By Moses Leos III
Discussions on a proposed roundabout have come full circle, with the Kyle council again looking at the option for the FM 1626/Kohler’s Crossing intersection.
The issue was discussed in 2014, with public comment mostly against the idea.
Now that it’s back, finding a way to finance the construction becomes the task for city officials. Texas Department of Transportation (TxDOT) needs options by August.
Kyle Mayor Todd Webster said he doesn’t want to put the burden on taxpayers.
“We won’t move forward with a proposal that doesn’t include a financing mechanism that says, ‘this is how we’re paying for it and it’s not going to be on the taxpayer’s dime.”
The Kyle City Council directed staff to again study a roundabout at the intersection. Council member Shane Arabie brought up the item after discovering the city had an August deadline from TxDOT.
TxDOT officials said that intersection warrants some kind of traffic control device and wants a resolution from the city regarding options.
Arabie was concerned that lack of input would allow TxDOT to implement whatever traffic control device it wants.
“I wanted to bring this in front of council one more time, before we don’t have an opinion on it,” Arabie said.
Arabie advocated for a roundabout, saying it would ease traffic flow.
He said he “hasn’t met a person” prior to Tuesday’s meeting with a negative roundabout opinion.
Mirroring Arabie’s support were Kyle residents Mike Fulton, Dan Ryan and Mike Wilson.
Fulton said, “Roundabouts are a truly a wonderful thing. Everyone can figure out a traffic circle. It’s just a circle.”
Ryan supported the roundabout, but said the city must get the design right. Wilson, who provided statistics on safety, said saving lives is priority.
“We may have drivers that have fender-benders. They have them anyway. I’d rather have a fender-bender than a fatality,” he said.
Not all liked the idea. One resident said he would opt for a traffic signal rather than a roundabout.
“A roundabout isn’t needed at this time, there isn’t enough traffic,” he said. “With the speed on that road there, it isn’t going to work out.”
Resident Michele Christie, who grew up around roundabouts in New Jersey, hates them, adding that accessing roundabouts was “nightmarish.”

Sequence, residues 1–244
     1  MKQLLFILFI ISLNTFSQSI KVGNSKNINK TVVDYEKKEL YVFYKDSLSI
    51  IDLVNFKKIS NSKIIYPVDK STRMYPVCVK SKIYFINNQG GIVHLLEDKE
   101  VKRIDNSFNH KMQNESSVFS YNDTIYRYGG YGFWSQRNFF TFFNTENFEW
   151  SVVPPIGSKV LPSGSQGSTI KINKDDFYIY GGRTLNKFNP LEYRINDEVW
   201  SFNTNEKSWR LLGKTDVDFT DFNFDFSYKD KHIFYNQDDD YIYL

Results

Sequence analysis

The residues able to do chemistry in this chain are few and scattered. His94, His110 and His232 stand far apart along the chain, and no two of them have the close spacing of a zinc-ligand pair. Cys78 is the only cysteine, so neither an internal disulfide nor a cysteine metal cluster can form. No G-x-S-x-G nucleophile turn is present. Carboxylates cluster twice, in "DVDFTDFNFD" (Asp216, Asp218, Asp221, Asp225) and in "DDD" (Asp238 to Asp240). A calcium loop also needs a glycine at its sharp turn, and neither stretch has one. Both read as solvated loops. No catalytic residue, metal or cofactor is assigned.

“No matter how much you preach about it, when we’re behind the wheel, and there’s a guy behind you, honking because he want’s to go, there’s lots of traffic in (a roundabout) and you can’t get in, I’ve lived it, I know,” Christie said.
Webster said he knows the issue pushes buttons, but statistics support the idea.
“People are convinced that this is a bad idea. Every single piece of research and evidence I’ve seen says otherwise,” Webster said. “Nothing based on evidence says it’s (a light) better than a roundabout.”
Financing a roundabout
Assistant City Manager James Earp’s presentation supports the safety of a modern roundabout.
Statistics show a modern roundabout reduces accidents at intersections by 35 percent. He said intersections with a roundabout saw a 76 percent drop in the severity of accidents, and a 90 percent reduction in fatalities.
The roundabout allows for approaching traffic to slow down, he said. It also improves the efficiency at intersections, doubling the number of vehicles passing through per hour, adding a roundabout could accommodate 18-wheelers, bicycles and pedestrian traffic.
TxDOT had budgeted $350,000 for a one-lane roundabout in 2013. Improvements to accommodate the higher traffic flow means a two-lane roundabout is needed, costing approximately $750,000.
TxDOT informed the city it can’t fund the full amount for a two-lane roundabout.
The city must find alternate options to pay for the roundabout, such as working with potential commercial developers.
Peter French, Director of Operations of Plum Creek Developers, said that PCD could assist the city, but would opt for future TxDOT reimbursment.
Through that mechanism, the state reimburses a portion of the project cost over time by paying for each vehicle driving on a new road.
Other options could include a commercial public improvement district (PID).
Webster said the time is now to make a decision, as any inaction would be a “passive decision.” With the possibility of a split vote on a resolution, Webster was unsure whether TxDOT would get a clear view of Kyle’s intentions.
“It’s fish or cut bait time. We have to make a decision,” he said. “I think the way we’re trying to work this, the city won’t be burdened with any of the cost.”